A closer look at Wisconsin

WISCONSIN RUNS THE ball, that's what they've been known for, but in their season opener it was their first-year, transfer quarterback who shined brightest (and doesn't that sound familiar.) So what can the Beavs expect on Saturday, and how is the Wisconsin defense shaping up?

Mike Riley has called the biggest home non-conference game in OSU football history. We're not sure we'd go that far but is it important? Oh yes. It's ended up being the season opener for OSU, the Beavs got rocked in Madison last year 35-0 and after Saturday, Oregon State has a week off before they play UCLA.

And that's just for starters.

Badger coach Bret Bielema for the second straight year has given the QB reigns to ACC transfer, and former Maryland junior Danny O'Brien directed a short, precision passing attack in the close 21-16 win over Iowa State. He was also clutch in the fourth quarter. (Last year, all Russell Wilson did in his one season at Wisconsin was to tear up the college game, earn his way into the NFL Draft and just recently, win the Seattle Seahawks' starting job as a rookie.)

How good was he? O'Brien was 19-of-23 passing for 219 yards and two touchdowns in the Week 1 win, and two of those incompletions were drops.

Wisconsin's bread and butter is still expected to be their running attack, it's just that it's not the only thing the Badgers have going for them on offense -- the pass should continue to nicely complement the run for the Badgers in 2012.

Senior Montee Ball topped the 100-yard mark last week. A Heisman finalist last season, he rushed for 1,923 hashes with 33 touchdowns in 2011. Junior James White is a capable backup who ran for 713 yards and six TDs last season.

Wisconsin is replacing three-fifths of their offensive line this season but on paper they look to have reloaded rather than rebuilt up front, with right tackle Rob Havenstein helping lead the way.

The receiving game is led by junior wideout Jared Abbrederis. He led Wisconsin with 55 receptions for 933 yards and 8 TDs last season and also returns kicks. But Wisconsin lost a star receiver to graduation (Nick Toon) and the other talent at the receiver spot is thin and unproven. Opponents might well focus (after first focusing on stopping the run) on trying to take him away.

Tight end Jacob Pedersen could become more of a threat, he had 356 receiving yards with eight touchdowns last season.

Northern Iowa stacked the box big-time this past Saturday and after their offense finally got moving, nearly pulled off the monster upset in the end.

OVER ON DEFENSE, Wisconsin returns three of the top five tacklers from a defense that allowed 19.0 points per game in 2011. The stars are the linebackers, senior Mike Taylor posted 150 tackles last year, and Chris Borland had 143. Borland also led the team with 16.5 tackle for loss.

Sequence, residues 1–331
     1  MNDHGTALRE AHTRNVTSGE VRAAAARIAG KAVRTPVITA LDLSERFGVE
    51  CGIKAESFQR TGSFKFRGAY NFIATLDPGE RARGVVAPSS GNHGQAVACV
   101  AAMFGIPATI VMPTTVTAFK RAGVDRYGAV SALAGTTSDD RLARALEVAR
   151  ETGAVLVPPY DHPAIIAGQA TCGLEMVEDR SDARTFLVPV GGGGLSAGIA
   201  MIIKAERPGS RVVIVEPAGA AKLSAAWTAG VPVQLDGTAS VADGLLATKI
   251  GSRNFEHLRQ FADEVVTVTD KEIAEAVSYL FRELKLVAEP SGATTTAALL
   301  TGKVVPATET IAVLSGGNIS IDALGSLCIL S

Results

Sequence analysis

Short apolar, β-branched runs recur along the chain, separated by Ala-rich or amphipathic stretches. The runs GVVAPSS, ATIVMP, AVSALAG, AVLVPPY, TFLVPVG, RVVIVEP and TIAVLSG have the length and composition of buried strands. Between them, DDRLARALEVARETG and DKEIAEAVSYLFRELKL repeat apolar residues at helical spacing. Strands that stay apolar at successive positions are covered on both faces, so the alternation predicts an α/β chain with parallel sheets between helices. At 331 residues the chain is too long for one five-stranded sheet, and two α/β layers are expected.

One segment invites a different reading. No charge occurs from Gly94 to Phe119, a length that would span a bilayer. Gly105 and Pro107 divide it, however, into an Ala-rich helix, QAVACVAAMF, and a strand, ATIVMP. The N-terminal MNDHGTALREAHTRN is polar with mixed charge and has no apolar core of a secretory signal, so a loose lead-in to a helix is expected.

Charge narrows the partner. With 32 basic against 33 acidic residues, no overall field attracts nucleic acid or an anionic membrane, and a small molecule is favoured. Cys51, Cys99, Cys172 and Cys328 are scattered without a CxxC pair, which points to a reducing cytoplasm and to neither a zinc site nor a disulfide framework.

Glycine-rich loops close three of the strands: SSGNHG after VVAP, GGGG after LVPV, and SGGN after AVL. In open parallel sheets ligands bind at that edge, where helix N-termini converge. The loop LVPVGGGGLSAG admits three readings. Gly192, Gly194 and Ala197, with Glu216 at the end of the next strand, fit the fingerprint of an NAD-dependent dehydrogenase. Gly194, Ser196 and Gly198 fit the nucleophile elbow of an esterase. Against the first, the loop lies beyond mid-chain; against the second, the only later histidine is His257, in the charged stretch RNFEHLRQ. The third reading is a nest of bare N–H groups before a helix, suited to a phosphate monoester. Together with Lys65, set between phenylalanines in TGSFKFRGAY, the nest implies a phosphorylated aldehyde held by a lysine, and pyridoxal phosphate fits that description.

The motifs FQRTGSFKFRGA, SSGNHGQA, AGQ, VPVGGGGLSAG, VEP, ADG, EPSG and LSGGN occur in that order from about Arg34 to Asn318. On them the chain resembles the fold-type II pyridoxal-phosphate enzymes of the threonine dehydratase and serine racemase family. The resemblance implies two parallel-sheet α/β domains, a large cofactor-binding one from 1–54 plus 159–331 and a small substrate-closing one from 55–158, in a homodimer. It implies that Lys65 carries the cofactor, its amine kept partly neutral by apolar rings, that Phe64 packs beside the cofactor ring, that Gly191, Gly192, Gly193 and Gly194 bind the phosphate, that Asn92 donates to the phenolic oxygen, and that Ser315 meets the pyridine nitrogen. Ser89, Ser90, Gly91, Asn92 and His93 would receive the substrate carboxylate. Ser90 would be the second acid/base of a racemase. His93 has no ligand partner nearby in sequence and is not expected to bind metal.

They were again Wisconsin's top tacklers this past Saturday.

The defensive line didn't bring as much pressure against NIU as most observers had anticipated, and they were part of a unit that surrendered 2-of-3 fourth down conversions in the game.

It is expected that pass rush will be a major emphasis in practice this week for the Badgers.

The secondary struggled in the second half against Northern Iowa, but it's hard to tell if it was an anomaly or a harbinger of things to come. When Northern Iowa started a drive with 6:54 remaining in the third quarter, they had managed only 56 yards of offense on 21 plays and were being shut out.

From that point on, though, NIU ran 33 plays for 250 yards and three touchdowns.

NOTABLE NOTES:
  • Oregon State is a 8 point underdog. The line opened at 11.

  • If it comes down to special teams in the end, Oregon State might have the edge. Placekicker Kyle French and punter Drew Meyer are replacing a pair of longtime starters lost to graduation.

  • Wisconsin fans were grumbling about new offensive coordinator Matt Canada's playcalling last week, thinking he should have been more aggressive with the pass with NIU crowding the line and trying to take away the running game. (Wisconsin gained 168 ground yards but needed 48 carries to do it, a 3.6 yard average.) But while some fans want to yank the starters and throw out the game plan at the first hint of trouble, it's hard to fault Canada. Good coaches more often than not will often stick to the game plan, make small adjustments and try to solve the issues through better execution. And Wisconsin didn't execute well enough in the second half, plain and simple.

  • Canada is also being given a short leash because he's following Paul Chryst. The new coach at Pitt was the guy who had Wisconsin's offense ranked sixth in the nation in scoring, 11th in rushing and 14th in total offense a year ago.

  • With OSU's opener against Nicholls State postponed and no game tape to exchange, Bielema decided to forego the usual courtesy of sending game tape to Oregon State. The Beavs can of course get their hands on a TV broadcast but that doesn't show the field the way game tape does. The Oregonian hinted that the Beavs may have gotten some game tape anyway, presumably from NIU, but it's unclear if that's actually the case.

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